At first light the next morning we started walking, up and down the impossibly narrow and infinitely charming maze of streets, stopping at every turn for yet another photograph. Eventually, we ended up in the heart of the city, staring in awe at the Templo de San Diego.

Basilica of Our Lady of Guanajuato - front view. (Photo: B. Kopp)
Templo de San Diego – front view. (Photo: Brad Kopp)

Templo de San Diego

Built between 1671 and 1696, this imposing Baroque monument is shaped like a Latin cross. A large sacristry was added on the hill side of the sprawling building. The right hand bell tower, added in the 18th century, is in the Mexican Churrigueresque style.

For a bird’s eye view of the church and an overview of the city, we take the footpath that begins near the funicular at the back of the church. Even in bright midday sun, the scene is a kaleidoscope of colours and shapes. What’s not to love about this colourful colonial city?

Basilica of Our Lady of Guanajuato - top view. (Photo: B. Kopp)
Templo de San Diego – top view. (Photo: B. Kopp)

If You Go:

We stayed at El Meson de los Poetas which, like most buildings in town, is built on a narrow lot that snakes up the hillside. We recommend the Octavio Paz suite for the views, however if you don’t like stairs, avoid rooms numbered in the 400s!

The bus ride from Guadalajara to Guanajuato takes about 4 hours.

For further information about Guanajuato, visit the Mexican Tourist Board website.

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First Time Visit to Guadalajara, Mexico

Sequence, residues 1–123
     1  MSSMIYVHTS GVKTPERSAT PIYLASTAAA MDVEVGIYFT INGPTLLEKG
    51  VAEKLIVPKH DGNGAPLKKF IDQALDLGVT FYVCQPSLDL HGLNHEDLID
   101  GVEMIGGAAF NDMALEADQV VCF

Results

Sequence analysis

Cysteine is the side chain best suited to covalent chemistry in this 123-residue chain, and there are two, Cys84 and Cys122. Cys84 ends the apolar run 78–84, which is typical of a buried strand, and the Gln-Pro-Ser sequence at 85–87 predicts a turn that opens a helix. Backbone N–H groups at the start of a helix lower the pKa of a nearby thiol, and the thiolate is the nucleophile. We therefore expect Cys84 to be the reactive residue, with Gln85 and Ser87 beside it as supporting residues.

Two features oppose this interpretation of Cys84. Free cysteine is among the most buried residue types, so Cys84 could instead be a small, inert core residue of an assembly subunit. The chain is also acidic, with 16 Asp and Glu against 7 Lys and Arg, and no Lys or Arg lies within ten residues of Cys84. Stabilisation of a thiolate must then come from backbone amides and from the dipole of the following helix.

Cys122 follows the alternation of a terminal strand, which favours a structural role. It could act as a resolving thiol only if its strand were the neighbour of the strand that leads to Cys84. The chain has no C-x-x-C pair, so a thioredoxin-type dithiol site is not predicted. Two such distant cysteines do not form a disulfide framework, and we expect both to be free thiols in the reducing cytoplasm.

WRITTEN BY: MEGAN KOPP

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“Are you sure it’s safe?”

That’s the first question people asked us when we said we were heading through Guadalajara. We were travelling by bus from Mexico’s Pacific Coast.

There are no guarantees of safety on any trip. While that may be true, we felt completely comfortable stepping out on foot on our arrival late afternoon to explore. Guadalajara is Mexico’s second largest city. However, its historical center is easily explored on foot.

Time for a Historical Walkabout

From our hotel room, we headed north for one block on Avenida Ramón Colon. Turning west on Calle Francisco I. Madero for one block and north for three blocks on Avenida 16 de Septiembre, we arrived at Plaza de Armas.

This welcoming plaza was remodelled in 1910 for Mexican Independence centennial celebrations. It frames a charming wrought-iron bandstand that was brought in from Paris.

An Orozco mural in the Palacio de Gobierno, showing Miguel Hidalgo signing for end of slavery and Benito Juarez signing for Mexico’s independence. (Photo: Brad Kopp)

The Palacio de Gobierno del Estado de Jalisco – government palace – lies on the eastern edge of the plaza. It is an impressive two-storey, Baroque-style structure. The building was completed in 1790. Peek inside for a glimpse of the murals painted by José Clemente Orozco.

On the northern edge of Plaza de Armas lies the imposing Catedral de Guadalajara. Construction of this massive cathedral was ordered by Philip of Spain. Building began in 1568.

Catedral de Guadalajara starting to glow as evening approaches. (Photo: Brad Kopp)

The cathedral wasn’t officially finished until 1618 – and even then construction was ongoing. The original towers were square. Damaged by an earthquake in 1818, they were taken down and replaced with the current Neo-Gothic towers in 1848. The brilliant yellow tower tiles come from Sayula, a small town south of Guadalajara.

Perfect Plazas and More!

Rotonda de los Jaliscienses Ilustres with Irene (Photo: Brad Kopp)

Plaza de la Rotonda lies to the north of the cathedral. This shaded green space is home to a monument built in 1951 to honour a select group of Jalisco artists, scientists, politicians and others notable figures. Rotonda de los Jaliscienses Ilustres was previously known as the Rotonda de Hombres Illustres de Jalisco (Rotunda of Illustrious Men of Jalisco). Because teacher and humanist Irene Obledo Garcia joined the group in 2000, the name changed.